We do not recommend any sort of loose substrates which could easily be ingested such as sand, bark, fish tank pebbles or walnut shells which can be easily digest and hurt your pet, or worse, cause death. There have been a number of reported Leopard deaths from consuming too much sand while striking at crickets.
Here at Petware House, we carry a wide variety of substrates such as reptile carpet, unglazed ceramic tiles and slate which make for a more natural enclosure. Most breeders though do agree that paper towels or newspaper are the best choice for substrate.
Due to their nocturnal nature, Leopard Geckos do not require any sort of artificial lighting to keep warm or pile up on the vitamin D. For the Gecko, overhead lighting will raise the ambient temperature in the enclosure which Is not required. Also be aware that Leopard Geckoes’ eyes are very sensitive and their eyesight is poor in bright light. Under any circumstances, do not expose your Gecko to direct sunlight.
The Leopard Gecko, as with all reptiles are cold blooded and rely on their surrounding environment to keep warm or call. As a result, we highly recommend using an under tank heater (UTH) on one side of the Geckoe’s enclosure. This will allow your specie to move back and forth within the tank to adjust their own body temperature. We refer to this as thermal regulation and it’s critical for their metabolism, immune systems, and digestion.
The perfect temperature range for the Gecko is around ninety to ninety-four degrees, on the floor surface of the warm side of their enclosure and normal room temperature around seventy to seventy four degrees on the cool side. Us their belly heat to determine the overall heat source since in their natural habitat they utilize the head absorbed from the sun in the rocks to aid in their digestion.
The Leopard Gecko should shed their skin about once every two to four weeks. We might also add that they eat their skin once it sheds off – so don’t be alarmed by this. Its very important that all the skin come off escpically from the toes and eyelids as Geckos can loose their toes to infection if the skin does not shed completely.
If shedding should become an issue for your Gecko, it may be necessary to keep the substrate around the housing moist by misting it with water, placing damp paper towel inside or adding a separate moist hide in their enclosure. If the shedding issues continue and for severe cases, try soaking your Leopard Geckos feet in ½ inch of warm water and then using a swab, very gently remove any residual skin from their toes or eyelids in a rolling motion. Loose skin can be removed manually.
Approach your new Gecko with care, keeping your hand low and your palm in the upward position, before picking up your Gecko. Avoid reaching down from over their head because the will become started and think your some sort of predator.
Whatever you do, don’t grab the Gecko by the tail. Like all lizards, when they are attacked or threatened and may inadvertently drop their tail. When a lizard loses its tail, it will become open a susceptible to disease and infection while a new tail grows back. The tail will eventually grow back, but regenerated tails are never quite as nice as the original.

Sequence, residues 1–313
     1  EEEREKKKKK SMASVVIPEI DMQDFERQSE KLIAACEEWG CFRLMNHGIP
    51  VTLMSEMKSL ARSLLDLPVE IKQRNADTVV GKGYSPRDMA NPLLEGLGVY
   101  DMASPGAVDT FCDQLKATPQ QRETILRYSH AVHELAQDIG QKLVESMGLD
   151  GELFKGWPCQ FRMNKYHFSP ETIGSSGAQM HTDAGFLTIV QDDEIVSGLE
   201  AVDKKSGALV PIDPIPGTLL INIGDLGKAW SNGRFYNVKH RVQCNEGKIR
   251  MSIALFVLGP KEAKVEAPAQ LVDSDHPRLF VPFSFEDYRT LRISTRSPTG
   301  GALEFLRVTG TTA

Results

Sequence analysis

Since the Gecko is a desert dweller, they store water, fat and nutrients in their tail (similar to that of a camel) so its important they don’t lose their tails.
The Leopard Geckos mainly eat mealworms, life crickets, waxworms, roach nymphs and silk works. Use caution when feeding them as anything larger than about ¾ of their head to prevent chocking. Appropriate sized mealworms can be put in a small bowl with added calcium. Babies should be fed five to seven small crickets or roach nymphs every day until they reach about four inches in length. Then, larger prey every other day till they become full grown in about ten to twelve months. Adults can be fed six or seven large crickets or roaches two or three times a week.
Feed your Gecko waxworms, but only on occasion as they are high in fat and cholesterol and because they may become spoiled if they are fed them too often which will lead to your pet refusing other food items.
We always recommend providing your Gecko with a variety of foods. Since Geckos assimilate calcium and vitamins from their diet, feeder insects must be dusted with a mixture of ultra fine calcium powder every two or three feeds, and reptile vitamins once a week.
Keep in mind that your Gecko is dependent on the proper supplementation of calcium and vitamins, otherwise, serious diseases may result. Metoblic Bone Disease is caused by calcium deficiency and permanently disfigure or ultimately kill your Gecko.
Keep in mind that your Gecko is dependent on the proper supplementation of calcium and vitamins, otherwise, serious diseases may result. Metabolic Bone Disease is caused by calcium deficiency and permanently disfigure or ultimately kill your Gecko.
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